How To Spend a Week in Jordan; 7 Day Jordan Itinerary
Home to one of the 7 Wonders of the World, and to the lowest place on earth in the Dead Sea, as well as Lawrence of Arabia’s desert and food delicious enough to make me cry, I love Jordan. Also, it’s not a super big country, which means it’s pretty easy to get around too. All-in-all, you can spend a week in Jordan and give it a good bash. Here’s how I’d break down the itinerary. Read on for more details.
FIRST, THE JORDAN PASS: IS IT WORTH IT?
In short, yes. Get it. You can buy it here: https://www.jordanpass.jo/contents/Prices.aspx. It’s an official Government pass priced at $99-$113USD (get the middle one), but it includes your visa on arrival cost AND Petra, Wadi Rum, and almost all other sites. Your 2 day pass to Petra ($75) and your visa ($56) instantly make it worthwhile. So just buy it (I didn’t, and I regretted it!)
DAY 1: Arrive in Amman, sleep in Amman
DAY 2: Morning tour of Amman, afternoon to Jerash and back sleep in Amman
DAY 3: Taxi to the Dead Sea, sleep at the Dead Sea
DAY 4: Taxi to Wadi Musa, Petra by night, sleep in Wadi Musa
DAY 5: Petra, then taxi or bus to Wadi Rum
DAY 6: Wadi Rum morning, then off to Aqaba
DAY 7: Spend the day relaxing in Aqaba, sleep in Aqaba
DAY 8: FINISH
NOTES IF YOU HAVE LESS TIME: If you have less time, you can skip sleeping at the dead sea, go there on the morning of Day 3, swim in the dead sea, and then continue on to Wadi Musa/Petra the same day. If you’re really pushed for time, skip Aqaba. It’s a normal beach-side/scuba dive/resort type place.
NOTE IF YOU HAVE MORE TIME: Spend all of DAY 2 walking around Amman, then add another day the following day to go to Jerash for a full-day tour. Also, spend an extra night in Aqaba to relax. If you have lots of extra time, consider crossing into Egypt and checking out the Pyramids if you have an extra 2 days.
DAY 1: Arrive in Amman
I flew in from Doha, Qatar and arrived late in the afternoon. I got last minute tickets to the World Cup semi-final in Moscow, Russia so I cancelled a holiday in Greece with my girlfriend last-minute, that meant I had to make it up to her! So I checked us into the Four Seasons Amman for our first 2 nights. The Four Seasons also has an amazing concierge service in Jordan, where in the airport there is a Four Seasons Lounge, the only hotel that has that, so they get your bags while you have a glass of wine, then they transfer you to the hotel. We arrived, had dinner and slept, ready to explore this awesome country the next day
DAY 2: Amman + Jerash
Depending, how long you have in Jordan you can have a fast-paced day and fit both these things into 1 day or (like me) spread it over 2 days, which is much more relaxed. Amman is a gorgeous Middle Eastern city, especially for people who haven’t traveled much in the Middle East. It’s friendly, super safe and full of little eateries. On your city tour, make sure to include the Amman Citadel (3JD to enter – $4) – home to the Roman Temple of Hercules, Hercules hand the citadel ruins – all dating back to the 2nd century AD! The Amman Citadel is also the site of Jordan Archaeological Museum, which is home to a collection of artefacts from the Citadel and other Jordanian historic sites (not my scene personally, but if you have the Jordan Pass, it’s included)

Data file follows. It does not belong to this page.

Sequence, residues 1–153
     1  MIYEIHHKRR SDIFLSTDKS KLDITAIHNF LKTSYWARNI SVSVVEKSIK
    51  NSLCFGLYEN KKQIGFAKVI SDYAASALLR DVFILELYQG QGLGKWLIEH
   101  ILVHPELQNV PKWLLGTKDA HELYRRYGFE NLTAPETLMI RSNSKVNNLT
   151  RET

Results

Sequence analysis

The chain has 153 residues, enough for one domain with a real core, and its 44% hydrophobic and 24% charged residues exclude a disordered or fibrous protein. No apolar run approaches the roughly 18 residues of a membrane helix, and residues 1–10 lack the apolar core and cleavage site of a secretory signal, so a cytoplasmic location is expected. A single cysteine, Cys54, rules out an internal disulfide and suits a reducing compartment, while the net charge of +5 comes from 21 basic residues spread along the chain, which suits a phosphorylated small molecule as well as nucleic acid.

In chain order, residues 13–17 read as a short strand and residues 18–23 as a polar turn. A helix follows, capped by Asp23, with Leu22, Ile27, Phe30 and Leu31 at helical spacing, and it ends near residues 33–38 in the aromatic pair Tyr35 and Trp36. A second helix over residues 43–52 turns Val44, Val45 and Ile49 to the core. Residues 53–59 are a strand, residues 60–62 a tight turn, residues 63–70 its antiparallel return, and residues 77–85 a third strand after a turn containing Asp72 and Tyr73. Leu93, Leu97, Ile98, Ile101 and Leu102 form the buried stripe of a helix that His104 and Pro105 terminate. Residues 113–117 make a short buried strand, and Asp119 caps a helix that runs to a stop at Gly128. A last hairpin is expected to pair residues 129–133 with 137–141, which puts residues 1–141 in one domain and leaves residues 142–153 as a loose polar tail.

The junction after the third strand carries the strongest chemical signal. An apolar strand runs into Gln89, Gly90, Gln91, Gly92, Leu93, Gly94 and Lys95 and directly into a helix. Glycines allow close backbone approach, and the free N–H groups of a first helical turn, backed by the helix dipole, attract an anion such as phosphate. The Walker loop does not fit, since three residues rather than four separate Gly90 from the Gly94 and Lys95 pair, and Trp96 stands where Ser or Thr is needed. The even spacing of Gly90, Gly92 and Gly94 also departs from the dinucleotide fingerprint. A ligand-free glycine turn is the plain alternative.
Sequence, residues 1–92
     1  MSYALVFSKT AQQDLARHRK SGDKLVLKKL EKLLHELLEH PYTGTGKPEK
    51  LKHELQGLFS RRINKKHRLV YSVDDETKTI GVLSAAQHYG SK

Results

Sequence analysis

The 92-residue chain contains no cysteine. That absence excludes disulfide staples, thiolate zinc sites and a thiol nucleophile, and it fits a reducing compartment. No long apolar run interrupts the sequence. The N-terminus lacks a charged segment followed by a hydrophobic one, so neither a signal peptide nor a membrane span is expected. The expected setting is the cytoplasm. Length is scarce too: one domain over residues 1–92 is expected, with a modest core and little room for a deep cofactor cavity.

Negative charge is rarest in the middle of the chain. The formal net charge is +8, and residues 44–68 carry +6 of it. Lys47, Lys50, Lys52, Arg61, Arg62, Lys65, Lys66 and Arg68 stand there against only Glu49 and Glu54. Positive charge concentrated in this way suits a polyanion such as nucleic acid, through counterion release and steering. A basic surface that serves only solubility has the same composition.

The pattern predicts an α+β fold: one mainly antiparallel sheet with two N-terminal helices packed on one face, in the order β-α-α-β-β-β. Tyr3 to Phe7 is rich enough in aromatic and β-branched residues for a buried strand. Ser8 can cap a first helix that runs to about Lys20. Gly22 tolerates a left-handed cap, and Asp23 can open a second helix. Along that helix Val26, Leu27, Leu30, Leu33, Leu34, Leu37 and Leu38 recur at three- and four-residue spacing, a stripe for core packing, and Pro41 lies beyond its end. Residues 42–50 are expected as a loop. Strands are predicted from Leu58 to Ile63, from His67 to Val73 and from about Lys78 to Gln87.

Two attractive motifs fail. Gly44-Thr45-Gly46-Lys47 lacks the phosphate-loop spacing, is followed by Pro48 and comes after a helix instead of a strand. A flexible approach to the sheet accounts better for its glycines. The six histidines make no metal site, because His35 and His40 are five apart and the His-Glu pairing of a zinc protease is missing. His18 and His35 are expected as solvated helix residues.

From there, you can walk for 30 minutes or so down the steps all the way to the Roman Amphitheatre (2JD to enter – $3). The Roman Theatre is a 6,000-seat, 2nd-century Roman theatre and after you get your ticket, you can climb all the way to the top.
*TOP TIP: Go for a coffee or bite to eat in the charming Amman Pasha Hotel nearby, the rooftop patio is cheap and offers a great view of the ampitheatre. Say hi to all the hotel pets for me!
From Pasha hotel or the amphitheatre, it’s a 40 minute walk (or 5 minute Uber) to the King Abdullah Mosque, the Country’s main Mosque. It’s a beautiful building and the people are so welcoming, so you’ll be stopped for a warm and friendly chat no doubt.
Now, it’s time to get to Jerash for the afternoon. There are 2 options to get from Amman to Jerash:
- Private Taxi. I took this option to get there. It costs around 10JD one way ($15) but it’s tough to find one back sometimes, so you can rent from Amman to drive you, wait and drive back for about 40JD ($55)
- Bus. I took this option back. Only costs 1JD! But you have to get to Tarbabour station, that’s where the bus from Jerash leaves. To get to Tarbabour station you can take a shared taxi or Uber. There is no timetable for the bus to Jerash, it goes when it’s full.
Once you get to the ruins in Jerash, you pay your 10JD, then you’re free to explore (remember if you get the Jordan pass, the ticket entrance is free). Allocated 2/3 hours for the walks around the ruins. They’re in pretty spectacular shape to be honest, dating back to 3BC, and one of Ancient Greece’s main cities, so be prepared to be impressed!
*TOP TIP: If you’re back in time don’t miss the chance for dinner on the rooftop for sunset at the Living Room restaurant.
DAY 3: The Dead Sea